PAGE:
You can’t put the words iconic and movie star in the same sentence without immediately thinking of the legendary Paul Newman. For nearly six decades, Newman came alive on screen as one of the world’s most recognizable personas. Responsible for many of the great movie characters of all time, Newman had an impeccable way of keeping our attention.
A ten time Oscar nominee, and winner for The Color of Money, Newman’s recent death prompts any film fan to ask: what was your favorite Newman?
While I am a great admirer of Newman’s, I haven’t nearly seen his entire body of work. So here I present you with the Newman roles that grabbed me. Here’s to the unprecedented Paul Newman.
The Hustler (1961)
A great introduction to stardom, Newman makes his presence known as an actor with a force to be reckoned with. Many critics consider this his best work.
Cool Hand Luke (1967)
One of my favorite films of all time, Newman’s timeless work as an imprisoned ex-war hero is one of the definitive film performances in the cinema’s history. I can watch this movie over and over, from the fated boxing match with George Kennedy, to the encouraging moment when he leads the other prisoners to pave the road all too quickly, to the egg eating contest; Newman’s Luke has never failed to communicate with audiences.
Butch Cassidy and the Sundance Kid (1969)
Newman has a great time with his younger co-star Robert Redford in a rousing true story about the famous outlaws. Newman makes his role fun, searing and iconic.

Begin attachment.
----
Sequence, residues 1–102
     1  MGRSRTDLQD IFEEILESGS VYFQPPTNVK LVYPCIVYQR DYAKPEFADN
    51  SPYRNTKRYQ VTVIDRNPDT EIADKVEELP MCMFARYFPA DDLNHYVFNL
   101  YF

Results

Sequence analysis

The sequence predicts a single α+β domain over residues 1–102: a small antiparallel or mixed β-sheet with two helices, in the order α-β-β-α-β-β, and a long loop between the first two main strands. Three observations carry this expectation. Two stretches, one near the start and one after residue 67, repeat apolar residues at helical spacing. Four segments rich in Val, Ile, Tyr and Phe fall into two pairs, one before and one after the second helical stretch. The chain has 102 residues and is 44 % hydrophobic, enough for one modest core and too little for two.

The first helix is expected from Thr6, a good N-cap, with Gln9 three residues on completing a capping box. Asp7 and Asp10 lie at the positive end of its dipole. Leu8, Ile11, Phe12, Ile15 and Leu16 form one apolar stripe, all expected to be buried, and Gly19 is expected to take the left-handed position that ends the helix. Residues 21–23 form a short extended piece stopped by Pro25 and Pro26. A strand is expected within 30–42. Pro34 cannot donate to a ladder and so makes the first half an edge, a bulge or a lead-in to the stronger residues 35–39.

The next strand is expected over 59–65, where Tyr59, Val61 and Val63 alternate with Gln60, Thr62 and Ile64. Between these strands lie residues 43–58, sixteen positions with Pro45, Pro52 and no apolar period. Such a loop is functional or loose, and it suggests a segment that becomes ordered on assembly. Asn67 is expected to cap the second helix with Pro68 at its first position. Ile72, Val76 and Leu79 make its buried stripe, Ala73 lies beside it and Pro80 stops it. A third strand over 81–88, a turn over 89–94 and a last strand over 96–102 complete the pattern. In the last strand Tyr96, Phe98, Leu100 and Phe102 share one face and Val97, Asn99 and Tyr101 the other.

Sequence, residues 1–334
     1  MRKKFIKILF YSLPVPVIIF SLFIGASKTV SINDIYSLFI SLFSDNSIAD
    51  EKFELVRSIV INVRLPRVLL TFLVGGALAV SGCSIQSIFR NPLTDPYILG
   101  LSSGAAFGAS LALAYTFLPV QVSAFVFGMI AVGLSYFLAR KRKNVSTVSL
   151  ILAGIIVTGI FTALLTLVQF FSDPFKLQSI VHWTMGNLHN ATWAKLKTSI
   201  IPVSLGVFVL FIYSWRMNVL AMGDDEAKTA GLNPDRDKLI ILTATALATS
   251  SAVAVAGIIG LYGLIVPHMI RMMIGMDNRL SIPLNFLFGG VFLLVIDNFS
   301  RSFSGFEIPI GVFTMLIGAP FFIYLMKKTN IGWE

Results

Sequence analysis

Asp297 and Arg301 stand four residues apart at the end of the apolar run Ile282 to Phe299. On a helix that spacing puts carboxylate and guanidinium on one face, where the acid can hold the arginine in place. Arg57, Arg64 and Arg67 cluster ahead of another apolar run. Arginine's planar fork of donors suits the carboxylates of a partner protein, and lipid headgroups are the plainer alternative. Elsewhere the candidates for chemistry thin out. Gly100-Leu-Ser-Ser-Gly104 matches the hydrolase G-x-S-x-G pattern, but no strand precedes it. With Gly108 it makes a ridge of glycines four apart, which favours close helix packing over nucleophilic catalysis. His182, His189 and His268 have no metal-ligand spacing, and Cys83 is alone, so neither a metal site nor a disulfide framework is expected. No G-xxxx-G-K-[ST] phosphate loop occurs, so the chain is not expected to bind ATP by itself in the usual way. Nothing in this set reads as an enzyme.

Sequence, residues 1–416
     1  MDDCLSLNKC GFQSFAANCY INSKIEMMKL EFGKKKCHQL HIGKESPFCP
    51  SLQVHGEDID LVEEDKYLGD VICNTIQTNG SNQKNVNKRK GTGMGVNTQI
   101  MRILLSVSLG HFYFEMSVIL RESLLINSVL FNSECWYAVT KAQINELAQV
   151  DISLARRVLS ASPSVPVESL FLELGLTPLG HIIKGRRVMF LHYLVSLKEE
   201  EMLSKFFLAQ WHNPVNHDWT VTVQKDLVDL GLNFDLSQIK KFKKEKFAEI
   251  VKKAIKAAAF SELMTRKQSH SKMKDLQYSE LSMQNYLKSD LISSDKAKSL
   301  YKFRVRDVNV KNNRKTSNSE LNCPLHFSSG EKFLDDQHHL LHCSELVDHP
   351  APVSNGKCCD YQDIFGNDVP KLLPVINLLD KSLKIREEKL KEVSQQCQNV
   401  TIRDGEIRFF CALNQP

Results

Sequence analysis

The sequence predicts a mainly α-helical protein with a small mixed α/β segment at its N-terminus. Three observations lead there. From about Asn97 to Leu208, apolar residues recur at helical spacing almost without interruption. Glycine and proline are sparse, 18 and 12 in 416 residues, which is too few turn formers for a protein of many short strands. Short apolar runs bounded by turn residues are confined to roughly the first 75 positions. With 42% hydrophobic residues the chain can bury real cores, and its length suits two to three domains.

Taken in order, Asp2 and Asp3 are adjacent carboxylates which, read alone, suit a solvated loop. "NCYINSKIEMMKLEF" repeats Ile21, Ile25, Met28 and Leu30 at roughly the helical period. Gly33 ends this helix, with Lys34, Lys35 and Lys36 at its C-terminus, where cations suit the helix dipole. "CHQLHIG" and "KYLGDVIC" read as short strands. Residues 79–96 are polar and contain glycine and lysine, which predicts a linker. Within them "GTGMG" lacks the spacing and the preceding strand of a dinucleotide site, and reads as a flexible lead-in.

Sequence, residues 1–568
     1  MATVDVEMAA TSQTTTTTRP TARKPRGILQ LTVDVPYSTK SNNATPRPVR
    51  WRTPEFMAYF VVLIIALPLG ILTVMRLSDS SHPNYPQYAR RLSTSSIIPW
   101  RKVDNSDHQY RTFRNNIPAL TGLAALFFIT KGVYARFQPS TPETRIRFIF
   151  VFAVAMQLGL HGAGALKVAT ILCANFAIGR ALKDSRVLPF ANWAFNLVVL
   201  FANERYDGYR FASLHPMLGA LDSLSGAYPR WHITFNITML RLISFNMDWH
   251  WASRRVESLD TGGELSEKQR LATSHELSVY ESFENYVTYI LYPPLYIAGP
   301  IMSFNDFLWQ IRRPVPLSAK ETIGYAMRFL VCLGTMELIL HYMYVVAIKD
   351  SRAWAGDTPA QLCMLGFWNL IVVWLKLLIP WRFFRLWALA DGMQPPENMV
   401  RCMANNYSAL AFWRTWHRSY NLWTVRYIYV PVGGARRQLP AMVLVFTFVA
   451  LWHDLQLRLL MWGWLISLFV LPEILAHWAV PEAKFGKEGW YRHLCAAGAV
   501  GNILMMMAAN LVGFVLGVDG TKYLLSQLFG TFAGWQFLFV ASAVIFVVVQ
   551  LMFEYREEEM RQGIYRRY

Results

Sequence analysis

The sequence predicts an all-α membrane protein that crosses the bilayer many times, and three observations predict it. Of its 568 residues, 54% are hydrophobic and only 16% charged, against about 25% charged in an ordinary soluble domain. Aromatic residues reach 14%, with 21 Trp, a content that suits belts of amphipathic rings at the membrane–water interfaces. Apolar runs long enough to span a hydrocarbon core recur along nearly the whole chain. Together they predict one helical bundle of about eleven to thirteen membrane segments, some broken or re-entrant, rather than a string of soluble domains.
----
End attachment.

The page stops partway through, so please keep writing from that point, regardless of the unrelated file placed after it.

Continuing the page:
The Sting (1973)
Back with his Butch Cassidy director and co-star, Newman and Redford blaze up with screen in this best picture winner. Through all the double crosses, you may not know if you can trust Newman, but you’ll damn sure have a fun time trying.
The Verdict (1982)
Newman began to accept his aging features when he took the ballsy role of an alcoholic lawyer who finally grows a conscience. Newman uses David Mamet’s pulsating script to deliver one of his best performances.
The Color of Money (1986)
Fast Eddie Felson
Reprising his Hustler role in Martin Scorsese’s fun pool hall flick, Newman’s performance finally got Newman the Oscar, which most regard as an overdue gift. Regardless, the film is encouraging and entertaining.
The Hudsucker Proxy (1994)
Sidney J. Mussburger
Fitting surprising well into the Coen brothers’ zany comic family, Newman, as a high-powered industry mogul, showed us his funny side to amusing results.
Road to Perdition (2002)
Newman delivered some of his best work as an ailing mafia boss in Sam Mendes’ haunting film. His scenes with Tom Hanks, in particular his last one, proved that the old man still had it.